An adaptive antenna (also called “smart antenna” in mobile communication applications) can go a step further than a phased array by directing its main lobe (with increased gain) in a desired direction and creating radiation pattern nulls in the directions of interference or jammers. 

MIMO and spatial multiplexing can transmit multiple data streams by beamforming each data stream using the same time and frequency resource. The purpose of MIMO is basically to increase throughput by receiving multiple streams of data with reduced power per stream when the received signal quality is high compared to receiving one stream with full power.1, 6 

Overall array performance depends on the following factors:


AAS geometry is based on the geometry of a single element and its arrangement in an array. A simple rectangular patch antenna as the basic antenna element and can be used in an array for one frequency band; however, the geometry should be modified for multiband performance and dual polarization.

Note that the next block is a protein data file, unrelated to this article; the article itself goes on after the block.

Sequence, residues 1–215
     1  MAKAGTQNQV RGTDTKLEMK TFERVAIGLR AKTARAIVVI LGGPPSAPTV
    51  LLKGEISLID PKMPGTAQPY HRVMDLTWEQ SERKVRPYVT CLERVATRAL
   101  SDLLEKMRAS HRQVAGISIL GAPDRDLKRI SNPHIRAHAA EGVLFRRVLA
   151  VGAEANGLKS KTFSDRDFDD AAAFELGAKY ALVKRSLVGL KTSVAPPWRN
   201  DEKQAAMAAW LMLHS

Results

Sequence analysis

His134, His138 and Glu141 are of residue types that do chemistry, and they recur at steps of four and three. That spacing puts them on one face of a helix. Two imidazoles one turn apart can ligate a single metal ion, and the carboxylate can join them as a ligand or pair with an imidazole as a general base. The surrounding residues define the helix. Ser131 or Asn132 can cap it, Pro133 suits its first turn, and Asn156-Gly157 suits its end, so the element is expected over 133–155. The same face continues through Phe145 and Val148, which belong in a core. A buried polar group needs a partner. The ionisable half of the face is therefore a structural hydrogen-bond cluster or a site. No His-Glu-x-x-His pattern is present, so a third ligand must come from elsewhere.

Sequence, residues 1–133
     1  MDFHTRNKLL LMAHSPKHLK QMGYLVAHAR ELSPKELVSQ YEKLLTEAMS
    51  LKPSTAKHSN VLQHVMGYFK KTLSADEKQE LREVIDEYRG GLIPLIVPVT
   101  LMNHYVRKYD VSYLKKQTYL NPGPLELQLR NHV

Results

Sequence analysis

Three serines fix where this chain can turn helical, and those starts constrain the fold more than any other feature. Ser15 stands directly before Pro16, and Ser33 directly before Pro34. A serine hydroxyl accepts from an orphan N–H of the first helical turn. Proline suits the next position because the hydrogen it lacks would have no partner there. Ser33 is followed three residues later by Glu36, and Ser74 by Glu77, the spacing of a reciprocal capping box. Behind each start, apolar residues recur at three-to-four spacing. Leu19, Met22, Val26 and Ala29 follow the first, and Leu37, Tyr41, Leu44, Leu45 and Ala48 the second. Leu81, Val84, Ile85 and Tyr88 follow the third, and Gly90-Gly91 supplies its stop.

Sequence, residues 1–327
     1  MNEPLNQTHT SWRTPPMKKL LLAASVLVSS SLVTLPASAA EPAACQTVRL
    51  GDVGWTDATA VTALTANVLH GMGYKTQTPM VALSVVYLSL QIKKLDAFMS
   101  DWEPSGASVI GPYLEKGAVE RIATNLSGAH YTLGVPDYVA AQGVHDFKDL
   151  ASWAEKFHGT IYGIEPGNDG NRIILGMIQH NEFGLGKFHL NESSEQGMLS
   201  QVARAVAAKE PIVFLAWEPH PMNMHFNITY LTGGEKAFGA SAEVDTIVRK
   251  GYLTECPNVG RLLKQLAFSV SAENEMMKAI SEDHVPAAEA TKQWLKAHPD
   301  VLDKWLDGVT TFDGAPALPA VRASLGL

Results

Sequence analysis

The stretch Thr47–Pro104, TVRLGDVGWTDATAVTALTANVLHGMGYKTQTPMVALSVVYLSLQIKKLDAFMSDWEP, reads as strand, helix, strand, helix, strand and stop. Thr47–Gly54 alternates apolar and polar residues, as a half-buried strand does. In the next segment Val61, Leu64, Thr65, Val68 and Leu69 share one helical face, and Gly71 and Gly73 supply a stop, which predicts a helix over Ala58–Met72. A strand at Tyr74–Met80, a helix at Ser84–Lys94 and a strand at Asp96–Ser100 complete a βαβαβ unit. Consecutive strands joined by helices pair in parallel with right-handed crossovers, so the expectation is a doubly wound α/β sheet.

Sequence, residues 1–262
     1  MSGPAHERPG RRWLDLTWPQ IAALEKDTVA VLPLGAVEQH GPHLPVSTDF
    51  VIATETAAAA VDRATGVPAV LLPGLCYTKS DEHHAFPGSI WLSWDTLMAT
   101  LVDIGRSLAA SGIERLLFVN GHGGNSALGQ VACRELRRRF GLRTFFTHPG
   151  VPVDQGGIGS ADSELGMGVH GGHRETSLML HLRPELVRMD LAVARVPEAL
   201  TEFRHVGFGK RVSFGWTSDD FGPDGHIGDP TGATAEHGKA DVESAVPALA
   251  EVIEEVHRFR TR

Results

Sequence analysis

From a practical standpoint, in many arrays all antenna elements are designed to be identical. This considerably simplifies the analysis. The array radiation pattern consists of the element pattern, and array factor (AF). The total pattern in the far-field is then the product of the element pattern and the AF.6-9  

The most common array configurations are linear and planar. Figure 1 shows the geometry of a rectangular M × N planar array with an inter-element spacing d. Multi-antenna techniques are generally applicable to any frequency band or radio application and can be implemented using passive or active antennas.9-11

Fig.1.jpgFig.1 Rectangular M × N planar array with inter-element spacing d.


Element Spacing

In an AAS, the antenna elements are placed close to each other to efficiently use the area. This creates mutual coupling from surrounding elements. Mutual coupling affects antenna array efficiency and radiation pattern characteristics; therefore, the separation between adjacent elements as a function of the wavelength is an important parameter.